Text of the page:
Corruption rife in construction projects, says prominent engineer

Corruption rife in construction projects, says prominent engineer - TNA, September 16, 2004
...Many of the owners and contractors involved in country's construction projects have paid enormous kickbacks to government officials for building approval, amounting to as much as 30% of the total costs, the president of the national engineering institute, Totrakul Yomanak said on Wednesday.
Getting approval for the project's designs usually requires the biggest kickback payment...


2014 note: Like many Thai newspaper articles from the early days of the Thai internet, this article is no longer online. Below is the complete text of the original article.

Corruption rife in Thai construction projects, says prominent engineer

BANGKOK, Sept 16 (TNA) - Corruption among government officials in the construction business has increased significantly over the last three years, according to the chief of the national engineering institute.

Many of the owners and contractors involved in country's construction projects have paid enormous kickbacks to government officials for building approval, amounting to as much as 30% of the total costs, the president of the national engineering institute, Totrakul Yomanak said on Wednesday.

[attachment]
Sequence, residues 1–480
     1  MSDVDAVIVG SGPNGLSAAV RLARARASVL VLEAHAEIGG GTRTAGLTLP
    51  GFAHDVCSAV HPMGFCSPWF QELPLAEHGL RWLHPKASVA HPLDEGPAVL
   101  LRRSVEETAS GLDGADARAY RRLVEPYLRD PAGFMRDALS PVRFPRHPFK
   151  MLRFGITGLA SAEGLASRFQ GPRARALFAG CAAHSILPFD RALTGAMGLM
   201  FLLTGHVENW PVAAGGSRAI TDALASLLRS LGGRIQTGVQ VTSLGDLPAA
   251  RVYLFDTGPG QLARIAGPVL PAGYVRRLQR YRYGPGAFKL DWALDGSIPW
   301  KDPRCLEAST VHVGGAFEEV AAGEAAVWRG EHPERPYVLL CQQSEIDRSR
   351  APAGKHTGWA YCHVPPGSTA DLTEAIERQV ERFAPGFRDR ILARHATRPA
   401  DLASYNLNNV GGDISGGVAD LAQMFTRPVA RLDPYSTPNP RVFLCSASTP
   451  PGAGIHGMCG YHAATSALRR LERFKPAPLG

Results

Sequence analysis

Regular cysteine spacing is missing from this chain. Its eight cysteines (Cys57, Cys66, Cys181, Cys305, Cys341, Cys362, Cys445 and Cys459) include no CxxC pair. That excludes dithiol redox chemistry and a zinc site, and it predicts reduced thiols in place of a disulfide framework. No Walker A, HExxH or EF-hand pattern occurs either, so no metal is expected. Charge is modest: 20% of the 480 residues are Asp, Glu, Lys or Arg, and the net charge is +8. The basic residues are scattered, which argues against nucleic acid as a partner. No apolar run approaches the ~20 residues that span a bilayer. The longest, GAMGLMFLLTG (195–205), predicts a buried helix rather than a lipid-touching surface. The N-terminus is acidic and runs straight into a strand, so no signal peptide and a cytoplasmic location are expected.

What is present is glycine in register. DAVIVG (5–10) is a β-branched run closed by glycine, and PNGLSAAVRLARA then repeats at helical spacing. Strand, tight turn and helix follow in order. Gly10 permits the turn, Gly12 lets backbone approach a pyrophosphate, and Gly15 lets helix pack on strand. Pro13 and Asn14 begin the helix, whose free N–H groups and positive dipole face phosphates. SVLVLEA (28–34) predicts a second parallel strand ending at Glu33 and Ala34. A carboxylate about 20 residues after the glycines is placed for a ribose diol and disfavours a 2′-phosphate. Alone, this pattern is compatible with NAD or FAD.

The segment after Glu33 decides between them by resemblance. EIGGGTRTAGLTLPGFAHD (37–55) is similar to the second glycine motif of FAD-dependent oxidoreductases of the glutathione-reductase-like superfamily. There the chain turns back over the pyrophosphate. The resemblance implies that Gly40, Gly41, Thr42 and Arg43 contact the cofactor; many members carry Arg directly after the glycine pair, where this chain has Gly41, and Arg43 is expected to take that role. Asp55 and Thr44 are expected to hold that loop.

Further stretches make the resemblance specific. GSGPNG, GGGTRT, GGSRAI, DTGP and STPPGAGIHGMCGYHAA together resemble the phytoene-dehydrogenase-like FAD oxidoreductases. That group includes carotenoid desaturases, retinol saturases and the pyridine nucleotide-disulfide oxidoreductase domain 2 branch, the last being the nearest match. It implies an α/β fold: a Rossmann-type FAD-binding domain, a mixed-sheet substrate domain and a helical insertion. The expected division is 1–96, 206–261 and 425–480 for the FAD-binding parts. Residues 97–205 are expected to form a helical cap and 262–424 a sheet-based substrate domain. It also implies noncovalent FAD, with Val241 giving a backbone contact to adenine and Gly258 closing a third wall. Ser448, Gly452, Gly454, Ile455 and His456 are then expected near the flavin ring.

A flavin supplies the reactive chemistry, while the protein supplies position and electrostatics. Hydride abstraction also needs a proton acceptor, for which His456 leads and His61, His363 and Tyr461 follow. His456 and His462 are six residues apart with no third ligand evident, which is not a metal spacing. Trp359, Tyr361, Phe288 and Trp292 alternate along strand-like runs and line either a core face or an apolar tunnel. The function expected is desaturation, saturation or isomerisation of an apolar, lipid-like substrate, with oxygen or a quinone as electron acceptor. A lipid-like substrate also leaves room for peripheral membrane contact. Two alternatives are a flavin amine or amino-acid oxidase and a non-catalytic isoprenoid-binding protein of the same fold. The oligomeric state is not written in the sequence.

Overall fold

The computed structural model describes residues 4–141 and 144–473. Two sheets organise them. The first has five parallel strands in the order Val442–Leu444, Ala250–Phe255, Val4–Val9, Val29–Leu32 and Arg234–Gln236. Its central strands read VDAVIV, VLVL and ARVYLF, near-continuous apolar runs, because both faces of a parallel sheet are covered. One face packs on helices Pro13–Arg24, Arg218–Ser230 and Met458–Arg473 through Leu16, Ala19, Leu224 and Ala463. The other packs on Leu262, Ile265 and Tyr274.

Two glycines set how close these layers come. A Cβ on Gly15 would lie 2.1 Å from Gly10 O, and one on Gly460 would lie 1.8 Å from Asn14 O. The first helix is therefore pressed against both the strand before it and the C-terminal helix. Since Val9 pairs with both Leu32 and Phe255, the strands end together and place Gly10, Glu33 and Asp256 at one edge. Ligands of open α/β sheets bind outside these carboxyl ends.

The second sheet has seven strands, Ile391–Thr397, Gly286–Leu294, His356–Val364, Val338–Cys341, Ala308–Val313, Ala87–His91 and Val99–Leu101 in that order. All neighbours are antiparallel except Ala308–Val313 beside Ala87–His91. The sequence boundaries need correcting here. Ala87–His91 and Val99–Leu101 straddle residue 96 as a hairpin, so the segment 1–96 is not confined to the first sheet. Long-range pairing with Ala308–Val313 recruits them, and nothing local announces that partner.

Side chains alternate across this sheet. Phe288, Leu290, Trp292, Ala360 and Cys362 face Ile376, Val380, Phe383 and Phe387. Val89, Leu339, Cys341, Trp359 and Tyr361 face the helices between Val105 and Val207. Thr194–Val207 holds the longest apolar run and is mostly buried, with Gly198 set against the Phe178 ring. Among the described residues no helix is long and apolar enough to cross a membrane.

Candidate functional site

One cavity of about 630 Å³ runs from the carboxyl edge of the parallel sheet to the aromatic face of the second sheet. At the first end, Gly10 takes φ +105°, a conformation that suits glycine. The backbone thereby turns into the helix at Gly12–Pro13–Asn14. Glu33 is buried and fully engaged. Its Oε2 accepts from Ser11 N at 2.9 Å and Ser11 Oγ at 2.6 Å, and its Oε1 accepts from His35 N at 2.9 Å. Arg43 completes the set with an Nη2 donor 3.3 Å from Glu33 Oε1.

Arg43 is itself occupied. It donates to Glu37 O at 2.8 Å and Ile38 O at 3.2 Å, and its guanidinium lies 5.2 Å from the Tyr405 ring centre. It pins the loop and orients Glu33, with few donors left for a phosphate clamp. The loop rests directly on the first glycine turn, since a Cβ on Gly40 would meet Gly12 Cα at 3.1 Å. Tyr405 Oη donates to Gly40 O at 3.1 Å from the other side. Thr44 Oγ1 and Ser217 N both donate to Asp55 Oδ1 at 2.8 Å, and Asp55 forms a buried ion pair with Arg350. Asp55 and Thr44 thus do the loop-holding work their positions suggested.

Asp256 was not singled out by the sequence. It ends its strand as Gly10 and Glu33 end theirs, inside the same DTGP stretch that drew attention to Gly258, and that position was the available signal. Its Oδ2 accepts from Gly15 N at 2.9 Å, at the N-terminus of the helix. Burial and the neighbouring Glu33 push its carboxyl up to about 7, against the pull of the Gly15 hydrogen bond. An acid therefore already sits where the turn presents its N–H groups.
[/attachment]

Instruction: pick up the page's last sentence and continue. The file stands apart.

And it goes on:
Getting approval for the project's designs usually requires the biggest kickback payment.

Earlier this week, Sumet Tantivejakul, the President of a Thai anti-corruption foundation -- Muang Thai Sai Sa-Ad Foundation, claimed Thailand had lost some 12 trillion baht in corruption involving large construction projects.

He cited a survey done by the country's engineering institute.

However, he admitted on Wednesday that the 12 trillion baht figure was actually a typing error in a report of a national economic and social advisors' council.

The actual figure for the cost of corruption was 1.2 trillion baht.

Mr. Totrakul has demanded that the government seriously deal with the problem in corruption in the country's construction business when it launches its clean up campaign against corruption on 3 October.

Kickbacks have substantially added to the cost of construction, as the contractors are likely to push the burden onto their customers, or lower the quality of construction materials in the project to avoid incurring losses.

It is well known that many government construction projects are much more expensive than their actual costs because of corruption.

(TNA)-E112, E002
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